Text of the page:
Faulkner’s favorite drink is often listed as the julep, which is probably correct: his house in Oxford still displays his beloved metal julep cup. But his old standby was the toddy, which he describes “compounding … with ritualistic care.” It comes in two forms, hot and cold. Faulkner’s niece, Dean Faulkner Wells, clearly recalled her uncle making hot toddies and serving them to his ailing children on a silver tray. But unlike today, the cold toddy seems to have been the more popular in Faulkner’s day.
2 ounces of bourbon or white whiskey
4 ounces of water (cold or boiling)
If cold, 1 lemon slice; if hot, 1/2 lemon, both juice + rind
1 teaspoon of sugar
The key to a toddy, according to Faulkner, is that the sugar must be dissolved into a small amount of water before the whiskey is added, otherwise it “lies in a little intact swirl like sand at the bottom of the glass.” (One of Faulkner’s short stories, “An Error in Chemistry,” hinges on this point: a northern murderer, pretending to be a Southern gentleman, mistakenly mixes sugar with “raw whiskey”; the Southerners recognize his faux pas and immediately pounce on him.) Once the sugar is dissolved, the whiskey is poured over it. Top it off, to taste, with the remaining water—preferably “rainwater from a cistern.” Add lemon and serve in a heavy glass tumbler.
Partial transcript from The Library of Congress:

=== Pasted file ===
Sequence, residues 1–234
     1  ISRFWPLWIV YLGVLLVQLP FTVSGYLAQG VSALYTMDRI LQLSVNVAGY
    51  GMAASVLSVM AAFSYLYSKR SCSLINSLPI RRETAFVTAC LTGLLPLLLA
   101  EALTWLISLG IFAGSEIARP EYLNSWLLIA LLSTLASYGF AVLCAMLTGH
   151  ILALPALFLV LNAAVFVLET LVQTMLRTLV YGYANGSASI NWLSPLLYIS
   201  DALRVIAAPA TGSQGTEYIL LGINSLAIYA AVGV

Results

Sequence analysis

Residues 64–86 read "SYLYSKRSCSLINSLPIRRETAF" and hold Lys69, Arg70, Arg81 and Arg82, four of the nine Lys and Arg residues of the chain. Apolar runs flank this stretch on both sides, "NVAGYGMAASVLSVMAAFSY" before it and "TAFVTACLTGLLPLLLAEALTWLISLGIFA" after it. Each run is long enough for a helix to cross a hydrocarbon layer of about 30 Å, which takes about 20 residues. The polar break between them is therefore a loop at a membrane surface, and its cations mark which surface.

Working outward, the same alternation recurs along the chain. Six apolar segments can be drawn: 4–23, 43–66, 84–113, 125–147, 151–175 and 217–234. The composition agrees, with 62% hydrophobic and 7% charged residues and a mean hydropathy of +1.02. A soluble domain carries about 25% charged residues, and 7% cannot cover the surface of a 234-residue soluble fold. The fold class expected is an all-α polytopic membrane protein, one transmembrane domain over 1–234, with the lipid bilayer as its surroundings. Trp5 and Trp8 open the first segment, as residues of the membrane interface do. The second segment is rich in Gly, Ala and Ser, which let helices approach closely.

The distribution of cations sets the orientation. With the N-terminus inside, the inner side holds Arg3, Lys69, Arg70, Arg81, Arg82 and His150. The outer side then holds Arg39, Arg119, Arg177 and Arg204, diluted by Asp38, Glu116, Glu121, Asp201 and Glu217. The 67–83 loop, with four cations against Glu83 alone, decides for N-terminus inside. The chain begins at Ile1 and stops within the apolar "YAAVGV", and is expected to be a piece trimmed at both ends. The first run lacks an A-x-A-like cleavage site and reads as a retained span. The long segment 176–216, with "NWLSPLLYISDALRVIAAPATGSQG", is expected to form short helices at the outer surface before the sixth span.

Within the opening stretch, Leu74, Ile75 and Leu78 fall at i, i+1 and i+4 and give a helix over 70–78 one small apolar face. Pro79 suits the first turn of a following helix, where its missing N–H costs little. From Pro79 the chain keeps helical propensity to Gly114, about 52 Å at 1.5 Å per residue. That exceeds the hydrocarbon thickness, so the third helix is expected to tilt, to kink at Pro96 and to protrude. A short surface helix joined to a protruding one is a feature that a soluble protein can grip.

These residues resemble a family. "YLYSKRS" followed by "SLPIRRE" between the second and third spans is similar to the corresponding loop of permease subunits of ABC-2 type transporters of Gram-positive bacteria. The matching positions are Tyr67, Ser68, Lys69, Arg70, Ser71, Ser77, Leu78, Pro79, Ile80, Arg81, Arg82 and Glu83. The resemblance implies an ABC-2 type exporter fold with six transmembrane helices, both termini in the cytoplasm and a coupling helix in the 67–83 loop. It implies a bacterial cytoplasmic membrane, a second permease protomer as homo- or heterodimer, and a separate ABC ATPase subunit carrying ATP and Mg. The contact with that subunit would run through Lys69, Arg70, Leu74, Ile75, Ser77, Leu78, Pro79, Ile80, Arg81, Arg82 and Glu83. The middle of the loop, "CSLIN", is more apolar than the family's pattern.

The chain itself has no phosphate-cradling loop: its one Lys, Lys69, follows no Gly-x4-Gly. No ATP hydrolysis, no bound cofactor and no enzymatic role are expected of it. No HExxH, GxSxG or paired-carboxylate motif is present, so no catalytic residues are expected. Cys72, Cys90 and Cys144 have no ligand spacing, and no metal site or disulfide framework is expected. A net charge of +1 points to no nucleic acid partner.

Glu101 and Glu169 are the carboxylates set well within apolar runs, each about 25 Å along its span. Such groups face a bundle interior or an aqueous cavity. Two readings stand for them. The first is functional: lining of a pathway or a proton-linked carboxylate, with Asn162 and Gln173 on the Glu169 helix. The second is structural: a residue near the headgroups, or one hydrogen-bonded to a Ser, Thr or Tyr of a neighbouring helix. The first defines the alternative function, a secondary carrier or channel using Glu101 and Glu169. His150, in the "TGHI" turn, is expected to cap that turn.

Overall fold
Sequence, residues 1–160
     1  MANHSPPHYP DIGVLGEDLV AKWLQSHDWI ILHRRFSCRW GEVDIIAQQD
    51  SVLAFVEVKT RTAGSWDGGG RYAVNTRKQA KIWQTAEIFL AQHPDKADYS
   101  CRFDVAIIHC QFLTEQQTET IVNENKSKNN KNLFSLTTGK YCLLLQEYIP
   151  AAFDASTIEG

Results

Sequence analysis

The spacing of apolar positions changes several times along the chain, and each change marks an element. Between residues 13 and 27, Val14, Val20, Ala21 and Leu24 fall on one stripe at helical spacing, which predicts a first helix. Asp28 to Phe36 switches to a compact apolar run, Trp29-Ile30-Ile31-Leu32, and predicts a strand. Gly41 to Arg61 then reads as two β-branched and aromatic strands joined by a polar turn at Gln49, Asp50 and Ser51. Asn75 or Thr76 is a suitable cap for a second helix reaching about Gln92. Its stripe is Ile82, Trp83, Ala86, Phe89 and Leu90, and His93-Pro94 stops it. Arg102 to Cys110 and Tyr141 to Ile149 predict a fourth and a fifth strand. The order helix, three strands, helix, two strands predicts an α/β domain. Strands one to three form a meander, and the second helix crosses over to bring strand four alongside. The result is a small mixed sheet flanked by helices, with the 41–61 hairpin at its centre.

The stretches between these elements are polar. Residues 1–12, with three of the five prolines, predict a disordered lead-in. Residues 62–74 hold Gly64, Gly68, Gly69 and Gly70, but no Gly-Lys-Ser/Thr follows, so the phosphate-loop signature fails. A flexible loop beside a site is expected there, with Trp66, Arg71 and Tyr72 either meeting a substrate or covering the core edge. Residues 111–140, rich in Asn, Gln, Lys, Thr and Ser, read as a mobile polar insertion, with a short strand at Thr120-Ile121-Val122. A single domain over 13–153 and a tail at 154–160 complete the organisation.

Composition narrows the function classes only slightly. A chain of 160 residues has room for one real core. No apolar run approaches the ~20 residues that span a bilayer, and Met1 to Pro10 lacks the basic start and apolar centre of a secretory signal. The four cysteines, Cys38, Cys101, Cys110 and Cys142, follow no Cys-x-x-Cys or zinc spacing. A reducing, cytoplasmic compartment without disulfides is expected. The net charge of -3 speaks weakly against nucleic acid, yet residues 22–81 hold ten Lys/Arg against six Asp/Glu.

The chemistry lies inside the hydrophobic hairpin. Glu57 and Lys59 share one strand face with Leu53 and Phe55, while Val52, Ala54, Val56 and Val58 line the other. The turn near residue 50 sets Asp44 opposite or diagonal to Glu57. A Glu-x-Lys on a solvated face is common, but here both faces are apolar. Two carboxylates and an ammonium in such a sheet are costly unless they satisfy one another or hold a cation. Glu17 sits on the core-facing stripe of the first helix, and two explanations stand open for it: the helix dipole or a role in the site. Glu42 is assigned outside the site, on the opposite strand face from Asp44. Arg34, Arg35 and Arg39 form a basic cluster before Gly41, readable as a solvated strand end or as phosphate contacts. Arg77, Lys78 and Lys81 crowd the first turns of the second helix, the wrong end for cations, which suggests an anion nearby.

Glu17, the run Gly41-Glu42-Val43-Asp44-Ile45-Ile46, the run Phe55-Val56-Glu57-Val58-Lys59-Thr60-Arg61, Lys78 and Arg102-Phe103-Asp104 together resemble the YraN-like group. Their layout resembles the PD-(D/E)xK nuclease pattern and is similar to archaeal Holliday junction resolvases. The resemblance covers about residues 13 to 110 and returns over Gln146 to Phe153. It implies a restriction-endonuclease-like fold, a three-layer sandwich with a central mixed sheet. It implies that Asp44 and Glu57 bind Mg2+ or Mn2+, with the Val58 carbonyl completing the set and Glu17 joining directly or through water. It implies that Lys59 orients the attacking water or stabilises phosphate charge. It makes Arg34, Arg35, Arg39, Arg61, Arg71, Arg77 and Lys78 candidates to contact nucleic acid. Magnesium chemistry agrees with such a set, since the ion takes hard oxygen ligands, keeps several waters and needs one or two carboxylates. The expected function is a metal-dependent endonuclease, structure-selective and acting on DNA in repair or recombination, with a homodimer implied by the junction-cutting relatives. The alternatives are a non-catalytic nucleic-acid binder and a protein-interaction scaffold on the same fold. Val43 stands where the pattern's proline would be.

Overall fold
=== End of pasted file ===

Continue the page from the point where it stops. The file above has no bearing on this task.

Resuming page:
Before I leave America I must see you again–there is no one in this wide great world of America whom I love and honour so much. With warm affection, and honourable admiration, Oscar Wilde.
The Walt Whitman Archive fleshes out the story:
On 18 January 1882 Wilde visited Walt Whitman in Camden, where the poet was then living with his brother and sister-in-law. Wilde told Whitman that his mother had purchased a copy of Leaves of Grass when it was first published, that Lady Wilde had read the poems to her son, and that later, at Oxford, he and his friends carried Leaves to read on their walks. Flattered, Whitman offered Wilde, whom he later described as “a fine large handsome youngster,” some of his sister-in-law’s homemade elderberry wine, and they conversed for two hours. Asked later by a friend how he managed to get the elderberry wine down, Wilde replied: “If it had been vinegar I would have drunk it all the same, for I have an admiration for that man which I can hardly express”
From the BBC series In Their Own Words: British Authors. Fantastic 1968 documentary: Tolkien walks about Oxford, shares insights on his work, looks at trees, and contemplates his love of beer. Great stuff.